Mining cannot be viewed in isolation from the community in which it is performed. There are several levels of community. The broad South African mining industry takes place in the broad South African community. As such, it is a vital part of the broad South African economy which is in turn linked to the world. What happens in the world influences South Africa and in turn our mining industry.

SAIMM President's Year End Message - Time is not Renewable

At this time of the year, it is customary to reflect on the past 12 months and invariably, to remark that we cannot believe that another year has gone by. By this time, we should know that there are no slow years. They all fly by, each year quicker than the one before.

Geographic Spread of Authors

This edition of the Journal covers a wide variety of subjects. There should be something of interest for just about everyone. It is also gratifying to note the geographic spread of the authors contributions came from: Canada, Iran, China, Australia, and of course South Africa.


Ayear may be a long time in politics, but for me it has passed in a flash. For all that the Office Bearers Committee and I set out to do, there is always so much more still to be done. Nevertheless, I do feel that, by building on the hard work of my predecessors, we have maintained your Institute in a good situation, despite the chaos and uncertainty in the world we live in.


This edition of the SAIMM Journal is a milestone in the sense that it is the first edition fully dedicated to discussing and opening debate on issues related to the economics of the mining industry in southern Africa.

The Face of Mining in Africa

The face of mining in Africa is changing rapidly and is becoming increasingly complex. More so than ever, the competition for strategic resources is critical to the economic growth of the emerging economies as they posture to challenge the suzerainty of the long established developed states. This once again places the African minerals industry at the centre of the global geopolitical stage.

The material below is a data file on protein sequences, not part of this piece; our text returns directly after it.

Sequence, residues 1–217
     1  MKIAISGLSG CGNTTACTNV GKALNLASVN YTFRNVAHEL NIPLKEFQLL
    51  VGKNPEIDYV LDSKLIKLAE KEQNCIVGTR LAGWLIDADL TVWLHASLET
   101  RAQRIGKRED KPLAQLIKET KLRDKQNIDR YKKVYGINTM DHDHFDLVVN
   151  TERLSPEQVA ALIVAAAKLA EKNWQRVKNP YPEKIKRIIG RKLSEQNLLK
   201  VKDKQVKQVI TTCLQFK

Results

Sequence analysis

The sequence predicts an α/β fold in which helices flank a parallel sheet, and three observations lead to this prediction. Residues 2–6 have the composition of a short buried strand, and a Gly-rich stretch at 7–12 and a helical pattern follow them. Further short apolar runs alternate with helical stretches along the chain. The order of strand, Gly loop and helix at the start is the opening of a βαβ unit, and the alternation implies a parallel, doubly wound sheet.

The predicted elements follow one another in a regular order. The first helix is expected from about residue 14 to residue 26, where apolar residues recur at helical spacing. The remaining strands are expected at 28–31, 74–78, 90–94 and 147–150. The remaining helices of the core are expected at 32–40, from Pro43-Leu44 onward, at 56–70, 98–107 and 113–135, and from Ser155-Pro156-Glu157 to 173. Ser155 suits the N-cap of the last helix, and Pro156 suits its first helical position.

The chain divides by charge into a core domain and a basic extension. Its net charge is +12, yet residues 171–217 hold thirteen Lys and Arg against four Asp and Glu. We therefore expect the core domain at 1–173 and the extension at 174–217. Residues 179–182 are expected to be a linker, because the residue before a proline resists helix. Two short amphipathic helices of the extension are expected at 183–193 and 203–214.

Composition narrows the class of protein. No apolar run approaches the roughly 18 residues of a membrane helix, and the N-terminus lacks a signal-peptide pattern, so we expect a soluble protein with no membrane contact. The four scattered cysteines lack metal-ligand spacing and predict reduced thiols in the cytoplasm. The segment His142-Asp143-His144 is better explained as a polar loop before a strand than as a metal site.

Changing Needs & Interests

The Constitution of our Institute states that the Institute must identify, represent and promote the interest and needs of its members. Like the industry in which we all work, these needs and interests change continuously.

Water Resource

Irecently attended the water resource conference that was organized by the SAIMM and held in Mpumalanga. Given the sensitivity about the use of water resources, I felt that my opening remarks bear repeating.

Insatiable Demand for Minerals

The recent and apparently almost insatiable demand for minerals, stimulated largely by demand from the East, represents a huge opportunity for the Southern African mining industry.

A Stark Reminder

The dreadful mine disaster in New Zealand is a stark reminder to us all of the risks our industry faces to feed the voracious appetite for minerals. It is, therefore, good to record the much improved 2010 South African safety statistics, which show a significant decrease in underground fatalities in our mines.

New Economic World Order

In reviewing 2010, one cannot but observe that the renewed growth following the recession of the past two years has been accompanied by an encouraging freshness in thinking. Increasingly it is realized that the resurgence in demand for the world’s mineral resources, as stimulated by population growth and urbanisation and concomitant economic growth, in China and India and other emerging economies.

Student Colloquium

It has become an SAIMM tradition to present a Student Colloquium every year. This year’s Student Colloquium took place in early November at the Vaal University of Technology in Vanderbijlpark.